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Deutsches Technikmuseum - Exhibit of the Month

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The Websites of the donation Stiftung Deutsches Technikmuseum Berlin at a glance:

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The donation contains six locations:

Exhibit of the Month

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Exhibit of the Month: MECHANIACS collection by Klaus Koch, between 1970 and 2005

Photo of a round wooden breakfast board. Another vertical breakfast board, a wooden plane, a scrub brush, a Sterling heat engine with copper and glass pistons as well as a flywheel are all mounted on it in such a way that it looks like a small machine.

From everyday object to art: Legendary bulky trash from Berlin inspires to "Technical art pieces" - the complete work of Klaus Koch.

Glass cabinet
in the entrance hall

Exhibit of the Month: Megaphone, 1960s

Photo: An olive green, funnel-shaped hand megaphone with its own handle on the bottom end and a cord for hanging. © SDTB / photo: C. Kirchner

Helpful in many ways: A speaking trumpet like this allows one’s voice to be heard in order to either express an opinion or maintain order.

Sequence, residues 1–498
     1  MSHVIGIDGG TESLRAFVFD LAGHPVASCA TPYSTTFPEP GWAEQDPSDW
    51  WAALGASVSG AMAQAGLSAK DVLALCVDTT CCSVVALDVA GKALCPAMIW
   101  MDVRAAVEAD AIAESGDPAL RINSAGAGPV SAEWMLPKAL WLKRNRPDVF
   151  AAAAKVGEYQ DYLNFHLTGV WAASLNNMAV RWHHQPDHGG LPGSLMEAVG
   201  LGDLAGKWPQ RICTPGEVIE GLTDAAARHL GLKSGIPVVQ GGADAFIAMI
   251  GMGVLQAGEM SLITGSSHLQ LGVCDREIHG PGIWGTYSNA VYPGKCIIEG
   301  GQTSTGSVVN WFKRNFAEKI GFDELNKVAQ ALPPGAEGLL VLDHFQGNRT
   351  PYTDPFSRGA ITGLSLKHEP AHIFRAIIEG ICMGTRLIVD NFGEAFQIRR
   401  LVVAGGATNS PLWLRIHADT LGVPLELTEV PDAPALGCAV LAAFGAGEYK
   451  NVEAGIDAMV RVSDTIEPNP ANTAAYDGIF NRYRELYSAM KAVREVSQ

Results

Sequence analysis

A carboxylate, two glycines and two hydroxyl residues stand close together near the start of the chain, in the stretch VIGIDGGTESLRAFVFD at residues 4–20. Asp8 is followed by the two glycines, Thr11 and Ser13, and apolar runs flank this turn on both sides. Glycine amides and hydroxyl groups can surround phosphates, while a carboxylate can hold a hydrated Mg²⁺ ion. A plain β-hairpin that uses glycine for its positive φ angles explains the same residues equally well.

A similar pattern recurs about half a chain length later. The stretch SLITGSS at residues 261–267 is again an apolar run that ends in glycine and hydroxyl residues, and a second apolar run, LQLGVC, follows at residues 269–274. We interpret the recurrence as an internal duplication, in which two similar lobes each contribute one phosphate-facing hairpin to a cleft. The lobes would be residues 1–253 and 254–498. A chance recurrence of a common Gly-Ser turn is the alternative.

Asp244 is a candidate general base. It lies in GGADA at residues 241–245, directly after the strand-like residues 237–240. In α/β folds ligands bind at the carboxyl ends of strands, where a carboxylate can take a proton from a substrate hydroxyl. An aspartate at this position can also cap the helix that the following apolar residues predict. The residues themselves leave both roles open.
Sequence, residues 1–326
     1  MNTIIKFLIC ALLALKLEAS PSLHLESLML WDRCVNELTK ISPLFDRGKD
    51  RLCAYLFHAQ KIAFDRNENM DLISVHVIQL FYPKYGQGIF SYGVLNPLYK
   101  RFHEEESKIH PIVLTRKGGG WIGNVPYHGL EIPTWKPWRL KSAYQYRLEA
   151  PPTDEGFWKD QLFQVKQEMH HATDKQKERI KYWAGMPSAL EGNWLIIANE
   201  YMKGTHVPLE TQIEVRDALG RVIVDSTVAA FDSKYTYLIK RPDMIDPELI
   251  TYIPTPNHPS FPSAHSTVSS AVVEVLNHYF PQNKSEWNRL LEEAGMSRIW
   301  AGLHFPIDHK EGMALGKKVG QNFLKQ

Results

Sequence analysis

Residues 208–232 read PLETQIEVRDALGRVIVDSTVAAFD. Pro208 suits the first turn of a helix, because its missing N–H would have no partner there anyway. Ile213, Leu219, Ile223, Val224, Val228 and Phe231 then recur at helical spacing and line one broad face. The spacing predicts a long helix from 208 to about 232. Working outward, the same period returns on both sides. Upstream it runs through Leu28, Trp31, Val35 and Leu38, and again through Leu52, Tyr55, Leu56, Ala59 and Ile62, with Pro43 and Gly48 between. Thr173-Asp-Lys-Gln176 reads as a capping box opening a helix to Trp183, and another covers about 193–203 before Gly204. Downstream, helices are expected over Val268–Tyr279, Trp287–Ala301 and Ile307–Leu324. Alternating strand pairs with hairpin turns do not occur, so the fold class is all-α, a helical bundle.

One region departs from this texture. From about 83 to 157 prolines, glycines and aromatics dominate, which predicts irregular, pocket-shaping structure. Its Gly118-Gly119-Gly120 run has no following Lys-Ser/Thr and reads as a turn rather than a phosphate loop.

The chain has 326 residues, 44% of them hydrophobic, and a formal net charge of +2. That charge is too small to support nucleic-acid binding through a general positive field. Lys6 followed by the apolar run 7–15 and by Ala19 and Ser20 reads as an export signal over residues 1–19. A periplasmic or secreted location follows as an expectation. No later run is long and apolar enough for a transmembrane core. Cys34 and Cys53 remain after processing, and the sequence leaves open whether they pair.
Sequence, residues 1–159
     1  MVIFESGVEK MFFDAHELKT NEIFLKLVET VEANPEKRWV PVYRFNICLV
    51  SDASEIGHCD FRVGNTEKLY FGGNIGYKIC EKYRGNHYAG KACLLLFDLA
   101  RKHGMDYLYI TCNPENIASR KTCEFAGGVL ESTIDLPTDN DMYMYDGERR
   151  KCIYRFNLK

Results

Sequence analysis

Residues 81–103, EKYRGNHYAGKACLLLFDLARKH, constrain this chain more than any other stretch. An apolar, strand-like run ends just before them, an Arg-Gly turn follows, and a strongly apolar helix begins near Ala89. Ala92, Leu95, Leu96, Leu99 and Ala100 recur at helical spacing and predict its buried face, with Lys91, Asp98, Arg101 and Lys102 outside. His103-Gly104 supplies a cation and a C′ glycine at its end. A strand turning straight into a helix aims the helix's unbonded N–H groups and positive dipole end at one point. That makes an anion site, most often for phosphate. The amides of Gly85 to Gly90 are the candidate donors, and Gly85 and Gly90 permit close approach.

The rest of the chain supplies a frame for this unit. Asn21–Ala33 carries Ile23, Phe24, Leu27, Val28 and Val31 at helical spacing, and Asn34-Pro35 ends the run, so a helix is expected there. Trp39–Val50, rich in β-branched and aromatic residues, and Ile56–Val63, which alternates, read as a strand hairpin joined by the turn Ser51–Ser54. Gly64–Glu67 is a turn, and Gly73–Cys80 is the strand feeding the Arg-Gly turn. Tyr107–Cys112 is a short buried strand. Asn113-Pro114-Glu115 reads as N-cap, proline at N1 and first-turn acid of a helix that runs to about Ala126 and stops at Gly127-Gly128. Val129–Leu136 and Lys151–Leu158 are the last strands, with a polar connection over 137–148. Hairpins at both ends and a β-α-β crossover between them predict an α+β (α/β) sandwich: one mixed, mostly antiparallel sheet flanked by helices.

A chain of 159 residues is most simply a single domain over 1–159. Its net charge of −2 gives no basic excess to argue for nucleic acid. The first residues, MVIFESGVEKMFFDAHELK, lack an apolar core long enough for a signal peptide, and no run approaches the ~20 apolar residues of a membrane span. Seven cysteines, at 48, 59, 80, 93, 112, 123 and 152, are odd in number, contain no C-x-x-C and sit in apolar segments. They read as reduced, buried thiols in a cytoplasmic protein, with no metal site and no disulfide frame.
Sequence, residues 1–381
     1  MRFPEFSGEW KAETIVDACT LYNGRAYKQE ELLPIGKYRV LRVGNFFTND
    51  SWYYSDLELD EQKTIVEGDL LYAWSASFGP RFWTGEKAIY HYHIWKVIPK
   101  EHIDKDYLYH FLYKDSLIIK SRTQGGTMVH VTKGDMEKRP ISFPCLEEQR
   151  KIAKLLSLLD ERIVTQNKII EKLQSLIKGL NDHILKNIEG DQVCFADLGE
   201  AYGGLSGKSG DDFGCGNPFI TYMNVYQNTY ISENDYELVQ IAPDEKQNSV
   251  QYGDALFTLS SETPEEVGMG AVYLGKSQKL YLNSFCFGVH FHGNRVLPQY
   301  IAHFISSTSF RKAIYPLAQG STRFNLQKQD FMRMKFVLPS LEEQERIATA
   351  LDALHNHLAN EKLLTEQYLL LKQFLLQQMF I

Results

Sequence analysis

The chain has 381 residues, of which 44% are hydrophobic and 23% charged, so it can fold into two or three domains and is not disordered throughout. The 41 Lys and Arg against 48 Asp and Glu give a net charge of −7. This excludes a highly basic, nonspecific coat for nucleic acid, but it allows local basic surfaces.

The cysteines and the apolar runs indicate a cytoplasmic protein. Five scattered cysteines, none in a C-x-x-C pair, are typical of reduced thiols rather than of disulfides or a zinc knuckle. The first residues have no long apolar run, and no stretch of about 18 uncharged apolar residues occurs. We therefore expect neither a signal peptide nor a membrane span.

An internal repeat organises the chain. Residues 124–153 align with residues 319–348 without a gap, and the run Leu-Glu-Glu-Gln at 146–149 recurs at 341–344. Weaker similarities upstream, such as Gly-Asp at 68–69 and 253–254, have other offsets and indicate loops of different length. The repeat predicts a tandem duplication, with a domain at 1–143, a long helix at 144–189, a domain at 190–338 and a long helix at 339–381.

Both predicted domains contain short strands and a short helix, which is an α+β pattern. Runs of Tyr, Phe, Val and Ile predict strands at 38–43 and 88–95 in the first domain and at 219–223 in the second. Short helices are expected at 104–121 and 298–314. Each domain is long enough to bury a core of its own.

Exhibit of the month: Balloon clip for the "Lichtgrenze", 2014

Photo: The flat clip has a square shape and includes several notches and cutouts for tying the balloons. It is placed besides an uninflated air balloon. Both the balloon and the clip have a whitish colour. © SDTB / photo: C. Kirchner

Biodegradable clips like this were used for sealing the "Lichtgrenze" balloons, which traced the former division of the Berlin city to remember the fall of the wall 25 years ago on November 9, 1989.

Exhibition of the Month: LE SOLEIL ROYAL, circa 1690

Photo: The pediment of the SOLEIL ROYAL shows a sun chariot, driven by Sun King Louis XIV, drawn by four horses. © SDTB / Photo: C. Kirchner

During the Baroque era, distinctive prestigious architecture was not in fact limited to fixed buildings on land but could also be found at sea.


Exhibit of the Month: Jerry cans, 1943

Photo: Both cans are rectangular, around 50 centimetres high, 35 centimetres long and 15 centimetres wide. The top of each can has handles and a spout that can be closed up with a catch fastener or a screw cap, respectively.

Nowadays a millionfold everyday commodity: The journey of the classic gasoline canister into the world began in 1939 in Berlin-Johannisthal.